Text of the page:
One common myth about the role of the arts in disaster recovery

In recent years Australia has experienced some its worst natural disasters on public record. These included the Black Saturday Bushfires in Victoria in 2009, Cyclone Yasi and floods in Queensland in early 2011. Following these natural disasters, new models of support were trialled to help rebuild disaster-affected communities by using arts-led and creative activities. I conducted evaluations of the Arts Victoria initiative and the Arts Queensland/Australia Council for the Arts initiative, and deemed them to be successful in achieving their intended objectives.

Yet, in conversations with people who are not familiar with this sort of work, I have found there to be one common misunderstanding about the role of the arts in the disaster recovery process.  There is a perception that:

The role of the arts in disaster recovery is simply about cheering people up and providing a short-term distraction through entertainment.

Arts-led pursuits can provide entertainment and joy when people are facing difficult challenges rebuilding their lives. But the arts engender so much more than that and can contribute to long-term outcomes of recovery and rebuilding of communities.

Creative projects which respond to an issue, such as the impact of a disaster – or community transition as a result of some other catalyst such as regional or urban renewal – can be many and varied.  They can include things that encourage people to reflect on how their community has changed. The types of activities can include photographic exhibitions, sculpture, painting, craft, film-making, singing, dance, poetry, literature and multi-media.  The most enduring projects are those that engage individuals and communities in a process of collaboration, interpretation, reflection and commemoration. They are designed by the community for the community and respond to the particular issues being experienced by the affected communities.

How can the arts achieve more than entertainment and distraction following a natural disaster?

Following a disaster, creative and arts-led projects can make a difference on so many levels.  The role of the arts in disaster recovery can include:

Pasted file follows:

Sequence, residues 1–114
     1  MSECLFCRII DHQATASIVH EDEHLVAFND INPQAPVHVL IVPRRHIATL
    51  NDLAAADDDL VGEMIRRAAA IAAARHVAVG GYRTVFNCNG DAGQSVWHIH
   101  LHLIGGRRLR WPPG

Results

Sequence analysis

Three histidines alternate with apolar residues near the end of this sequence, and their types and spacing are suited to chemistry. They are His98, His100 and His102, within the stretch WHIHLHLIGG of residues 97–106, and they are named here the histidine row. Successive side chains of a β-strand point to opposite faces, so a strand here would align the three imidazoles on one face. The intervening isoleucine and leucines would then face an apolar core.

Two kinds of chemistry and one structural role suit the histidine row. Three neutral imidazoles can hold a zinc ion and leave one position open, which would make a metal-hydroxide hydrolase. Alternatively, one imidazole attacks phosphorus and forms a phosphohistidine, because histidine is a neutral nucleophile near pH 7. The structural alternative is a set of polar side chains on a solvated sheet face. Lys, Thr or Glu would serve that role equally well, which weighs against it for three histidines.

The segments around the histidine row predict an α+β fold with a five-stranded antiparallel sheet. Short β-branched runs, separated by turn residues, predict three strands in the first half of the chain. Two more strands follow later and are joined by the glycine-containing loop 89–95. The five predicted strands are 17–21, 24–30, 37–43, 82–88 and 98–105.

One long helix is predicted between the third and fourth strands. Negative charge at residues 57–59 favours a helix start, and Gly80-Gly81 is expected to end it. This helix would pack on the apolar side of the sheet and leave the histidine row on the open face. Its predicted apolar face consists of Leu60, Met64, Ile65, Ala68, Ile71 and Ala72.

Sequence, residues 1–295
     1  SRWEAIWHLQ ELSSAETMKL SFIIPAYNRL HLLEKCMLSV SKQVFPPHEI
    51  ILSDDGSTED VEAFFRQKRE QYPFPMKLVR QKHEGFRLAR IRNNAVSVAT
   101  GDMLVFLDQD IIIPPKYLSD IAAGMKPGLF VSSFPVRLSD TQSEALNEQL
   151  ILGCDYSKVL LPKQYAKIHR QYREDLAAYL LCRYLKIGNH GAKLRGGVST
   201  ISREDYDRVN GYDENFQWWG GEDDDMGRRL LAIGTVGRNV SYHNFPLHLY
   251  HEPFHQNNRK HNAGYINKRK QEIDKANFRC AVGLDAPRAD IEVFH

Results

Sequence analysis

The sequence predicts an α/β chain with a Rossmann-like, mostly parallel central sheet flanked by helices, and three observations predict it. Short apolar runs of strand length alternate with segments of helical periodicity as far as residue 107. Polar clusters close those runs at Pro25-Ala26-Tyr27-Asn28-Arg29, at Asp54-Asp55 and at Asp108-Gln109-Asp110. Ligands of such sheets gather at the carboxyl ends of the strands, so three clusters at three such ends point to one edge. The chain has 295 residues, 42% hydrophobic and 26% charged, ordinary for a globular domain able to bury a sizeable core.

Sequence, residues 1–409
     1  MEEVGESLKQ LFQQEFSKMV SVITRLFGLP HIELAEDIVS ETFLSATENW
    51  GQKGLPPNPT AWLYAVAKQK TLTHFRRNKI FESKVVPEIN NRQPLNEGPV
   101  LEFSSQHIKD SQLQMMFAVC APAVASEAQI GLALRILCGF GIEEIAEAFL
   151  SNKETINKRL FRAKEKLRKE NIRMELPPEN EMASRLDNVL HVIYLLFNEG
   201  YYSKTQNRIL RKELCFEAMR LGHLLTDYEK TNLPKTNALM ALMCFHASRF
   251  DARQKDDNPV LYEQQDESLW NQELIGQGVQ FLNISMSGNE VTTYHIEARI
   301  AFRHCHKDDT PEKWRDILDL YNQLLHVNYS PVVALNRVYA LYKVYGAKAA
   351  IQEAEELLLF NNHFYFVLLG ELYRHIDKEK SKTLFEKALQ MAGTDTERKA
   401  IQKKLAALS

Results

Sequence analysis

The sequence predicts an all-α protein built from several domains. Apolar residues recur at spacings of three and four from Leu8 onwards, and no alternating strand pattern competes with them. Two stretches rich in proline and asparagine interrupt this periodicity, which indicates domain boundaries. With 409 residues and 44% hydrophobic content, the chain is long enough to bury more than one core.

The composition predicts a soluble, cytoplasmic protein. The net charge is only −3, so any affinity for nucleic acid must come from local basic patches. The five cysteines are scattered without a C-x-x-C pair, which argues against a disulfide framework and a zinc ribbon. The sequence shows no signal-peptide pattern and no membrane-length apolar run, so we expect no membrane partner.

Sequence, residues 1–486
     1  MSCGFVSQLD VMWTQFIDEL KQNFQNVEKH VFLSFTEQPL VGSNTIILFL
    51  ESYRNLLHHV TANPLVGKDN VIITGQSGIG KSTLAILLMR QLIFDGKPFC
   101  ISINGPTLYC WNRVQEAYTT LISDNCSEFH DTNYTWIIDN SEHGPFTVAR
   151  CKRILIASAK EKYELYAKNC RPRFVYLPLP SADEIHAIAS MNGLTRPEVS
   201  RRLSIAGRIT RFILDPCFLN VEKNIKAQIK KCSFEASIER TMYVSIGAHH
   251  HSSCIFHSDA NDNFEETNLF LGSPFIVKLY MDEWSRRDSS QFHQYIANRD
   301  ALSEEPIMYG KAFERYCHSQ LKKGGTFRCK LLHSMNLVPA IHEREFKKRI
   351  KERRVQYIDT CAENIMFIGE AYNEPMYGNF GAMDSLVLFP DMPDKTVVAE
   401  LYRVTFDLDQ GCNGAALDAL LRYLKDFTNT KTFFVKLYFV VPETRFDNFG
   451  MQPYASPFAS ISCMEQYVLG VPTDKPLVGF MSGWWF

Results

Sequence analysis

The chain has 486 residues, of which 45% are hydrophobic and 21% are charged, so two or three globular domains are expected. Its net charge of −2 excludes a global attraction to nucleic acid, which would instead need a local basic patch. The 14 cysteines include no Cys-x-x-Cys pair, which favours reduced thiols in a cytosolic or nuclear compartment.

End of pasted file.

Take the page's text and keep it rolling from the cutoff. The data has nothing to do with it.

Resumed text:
– Providing a way for people to reflect and commemorate on how their community has changed and how it may be redefined;

– Helping people within communities reconnect and break down barriers of social isolation;

– Encouraging people to share stories and capture important moments in history for generations to come;

– Helping people express their feelings of loss, grief and hope; and

– Giving people a sense of normality when things around them seem out of their control.

Examples of arts-led projects used in disaster recovery in Australia

There were 47 creative projects funded by Arts Victoria as part of their creative response to the Black Saturday bushfires; 25 varied projects were part of Arts Queensland’s/Australia Council’s Creative Recovery Pilot Project. The projects were only funded if they were to contribute to community rebuilding and not just benefit the grant recipient or aim to entertain. Some examples included:

Pans on Fire. A local community member built a set of steel pan instruments to encourage bushfire-affected communities in Marysville to learn to play as a form of respite. New social networks were formed and the social support helped participants and their families to deal with the disaster. An initial band of 22 local members was formed who met and rehearsed weekly and this has continued to grow. The group continues to perform throughout Victoria.

The Tree Project. Blacksmiths worldwide contributed to the growth of a metal tree by casting gum leaves from stainless steel and copper.  The tree was created as a memorial to remember the people who were lost, the tireless work of the firefighters, relief workers and the people recovering and rebuilding their communities. It involved participation of local blacksmiths in its creation.

Strathewen Letterbox Project.  A group of 30 local women created mosaic letterboxes to be presented to residents affected by the bushfires.  Weekly mosaic workshops became an important routine for participants who took comfort in being with others who had shared the same traumatic experience. The 60 letterboxes marked where new houses were being built, and the official launch attracted 400 people.

Kyneton Mural Project.  (Art From The Extended Region).  A public mural created from pieces of ceramics salvaged from fire-damaged or destroyed homes throughout the region.  The mural enabled people to contribute their memories through their involvement.  It has become an important place of commemoration in the region.

Girringun Resilience Project.  A project created on the Cassowary Coast that involved the documentation of stories and photographs of Indigenous elders about their culture and experience living through Cyclone Yasi.

Splashing About in Our Catchment.  A creative education program designed to help primary school students in Queensland’s Lockyer Valley overcome their fear of rain and ultimately reduce the growing rate of absenteeism in schools on wet days.

Disaster recovery project images

Top: Pans on Fire, The Tree Project, Strathewen Letterbox Project
Bottom: Kyneton Mural (Art From The Extended Region), Girringun Resilience Project, Splashing About in our Catchment.

There are many other examples like these that dispel the commonly-held myth about the role of the arts in disaster recovery.  There is a growing body of evidence that highlights the benefits of the arts to personal and community wellbeing, particularly after a time of upheaval such as a natural disaster.  There is always going to be a place for the arts to entertain and distract.  But the long-term benefits come about because of so much more.

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